Font Size

I met Gloria Swanson when she was in Toronto in 1980 for a book signing. I had one question. I asked if she had ever met anyone in her career, a producer, anyone who actually had money. “No,” she replied.

Swanson was a star when being a star meant something.

For years her silent films have only been available in poor dvd copies that do scant justice to the beauty of the original photography. Thanks to Kino Lorber we can now see them better than they probably looked when new.

The piano scores on these Blu-rays are adequate at best. Certainly if the films had been presented publicly in the 1920s with them audiences would not have reacted so favorably. For best results research the music of the period and create your own score. These pictures cry out for 1920s music:, , ,    ,   .

Do that and these pictures will really come to life. Don’t try to synchronize the music to the action a la Mickey Mouse. Just create an ambient score that lets the movie do what it is meant to do.

Then invite your friends over to discover Gloria. They will be lavish in thanking you.

Kino Lorber has given us jaw droppingly beautiful restorations of these films.–Reg Hartt 2018–04–15.


Piano score composed and performed by Jeff Rapsis, adapted from the original 1923 cue sheet

Audio commentary by Frederic Lombardi, author of Allan Dwan and the Rise and Decline of the Hollywood Studios

Booklet essay by film historian Imogen Sara Smith


Audio commentary by film historian Gaylyn Studlar

The best thing to do with Gayln Studlar commentary is to ignore it. For example, she tells us that when Swanson worked with Charlie Chaplin at Essaney  on HIS NEW JOB (1915) Chaplin failed to recognize her gist for comedy. She neglects to mention that Swanson did not wish to work with Chaplin so did her best to dissuade him from using her: . My friend Sheila Gostick walked in while I was watching this . She noted, “How to ruin a movie.”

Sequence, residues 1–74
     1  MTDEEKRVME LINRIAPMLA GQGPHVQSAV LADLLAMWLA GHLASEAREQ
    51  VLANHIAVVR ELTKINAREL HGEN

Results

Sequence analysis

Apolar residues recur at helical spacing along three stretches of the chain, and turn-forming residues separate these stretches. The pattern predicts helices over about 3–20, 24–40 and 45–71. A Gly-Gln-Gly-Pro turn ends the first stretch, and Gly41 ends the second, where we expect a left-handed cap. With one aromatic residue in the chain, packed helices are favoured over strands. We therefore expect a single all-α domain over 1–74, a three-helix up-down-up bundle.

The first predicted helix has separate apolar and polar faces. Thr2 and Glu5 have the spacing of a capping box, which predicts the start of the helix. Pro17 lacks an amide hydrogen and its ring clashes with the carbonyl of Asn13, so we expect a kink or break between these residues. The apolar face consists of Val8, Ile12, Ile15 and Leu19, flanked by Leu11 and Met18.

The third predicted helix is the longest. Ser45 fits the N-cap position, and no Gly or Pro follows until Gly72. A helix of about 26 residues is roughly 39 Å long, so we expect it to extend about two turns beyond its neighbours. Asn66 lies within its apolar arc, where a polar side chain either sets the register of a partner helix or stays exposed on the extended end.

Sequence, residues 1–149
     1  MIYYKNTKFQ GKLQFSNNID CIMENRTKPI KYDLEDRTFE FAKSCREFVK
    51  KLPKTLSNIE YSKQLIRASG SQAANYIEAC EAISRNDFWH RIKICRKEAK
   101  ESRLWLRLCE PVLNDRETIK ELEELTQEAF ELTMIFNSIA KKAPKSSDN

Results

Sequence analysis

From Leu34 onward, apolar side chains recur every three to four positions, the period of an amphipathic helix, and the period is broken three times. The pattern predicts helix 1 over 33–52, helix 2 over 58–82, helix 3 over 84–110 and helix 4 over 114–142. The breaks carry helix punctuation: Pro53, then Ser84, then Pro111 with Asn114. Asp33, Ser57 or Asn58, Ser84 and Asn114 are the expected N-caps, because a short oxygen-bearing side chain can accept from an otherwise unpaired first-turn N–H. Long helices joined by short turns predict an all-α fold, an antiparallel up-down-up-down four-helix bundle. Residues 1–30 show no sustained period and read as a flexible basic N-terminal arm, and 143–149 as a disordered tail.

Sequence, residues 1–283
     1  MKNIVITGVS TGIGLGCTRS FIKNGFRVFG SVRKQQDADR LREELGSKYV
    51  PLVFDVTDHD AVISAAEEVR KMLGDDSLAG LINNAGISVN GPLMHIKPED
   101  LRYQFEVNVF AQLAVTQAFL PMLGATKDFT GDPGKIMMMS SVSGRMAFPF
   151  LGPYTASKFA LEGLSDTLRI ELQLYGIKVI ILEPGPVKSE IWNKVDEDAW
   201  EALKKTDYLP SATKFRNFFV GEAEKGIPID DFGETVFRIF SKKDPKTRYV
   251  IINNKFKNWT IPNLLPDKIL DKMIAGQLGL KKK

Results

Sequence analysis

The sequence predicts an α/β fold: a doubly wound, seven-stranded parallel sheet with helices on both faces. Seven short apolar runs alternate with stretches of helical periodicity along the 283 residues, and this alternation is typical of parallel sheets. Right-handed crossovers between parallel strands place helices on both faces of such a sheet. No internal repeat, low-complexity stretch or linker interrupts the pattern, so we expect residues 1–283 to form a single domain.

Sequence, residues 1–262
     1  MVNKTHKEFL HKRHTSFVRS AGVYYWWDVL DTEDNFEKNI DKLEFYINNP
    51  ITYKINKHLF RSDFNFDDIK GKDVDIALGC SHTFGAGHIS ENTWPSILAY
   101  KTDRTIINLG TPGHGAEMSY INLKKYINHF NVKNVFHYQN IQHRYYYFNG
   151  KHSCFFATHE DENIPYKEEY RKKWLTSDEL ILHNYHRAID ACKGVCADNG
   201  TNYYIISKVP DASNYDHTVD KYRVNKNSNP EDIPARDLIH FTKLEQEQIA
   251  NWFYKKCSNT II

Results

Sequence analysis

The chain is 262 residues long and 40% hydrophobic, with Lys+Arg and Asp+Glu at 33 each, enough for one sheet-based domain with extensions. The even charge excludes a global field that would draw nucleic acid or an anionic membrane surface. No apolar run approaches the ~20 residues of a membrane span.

Booklet essay by film historian Peter Labuza

Piano score composed and performed by Makia Matsumura

MANHANDLED is still missing Gloria’s Charlie Chaplin impersonation though I think the reason it was cut because it really served no narrative purpose as does her Russian Countess impersonation. MANHANDLED could only be restored from 16mm materials as 35mm materials no longer exist.


Audio commentary by Frederic Lombardi, author of Allan Dwan and the Rise and Decline of the Hollywood Studios

Booklet essay by film historian Farran Smith Nehme

Includes Original two-strip Technicolor prologue and epilogue

Piano score composed and performed by Andrew Simpson

Sheila Gostick is one of Canada’s unsung comic geniuses. From FACEBOOK: “I swear I have never seen anything like Sheila Gostick’s act. It is part stand-up, part music, part seance, from a spirit that is half crusty old woman, half innocent child. She channels the most subversive political musical monologue that makes you laugh, then despair, then leads you towards hope and sets you to thinking about how to change things. In the 80’s she worked in the Toronto comedy scene with up and coming comedians, including Jim Carrey. For many years she has been a humour columnist for Toronto’s Now Magazine. Google her and you will find some interesting reviews written about her shows but you will not find her website or fb. She is not interested in joining social media and prefers written letters or a phone call. She is a must see, a truly unique experience!” Sheila summed up Gaylyn Studlar’s commentary on MANHANDLED wonderfully, “How to ruin a movie.”

Gloria Swanson (Tessie McGuire) is a gum chewing department store clerk. Sculptor Robert Brandt (Ian Keith), finds Tessie’s talent at impersonations amusing (she mimics Charles Chaplin), and hires her as a model. This sequence is missing from all extant copies of the film.

« »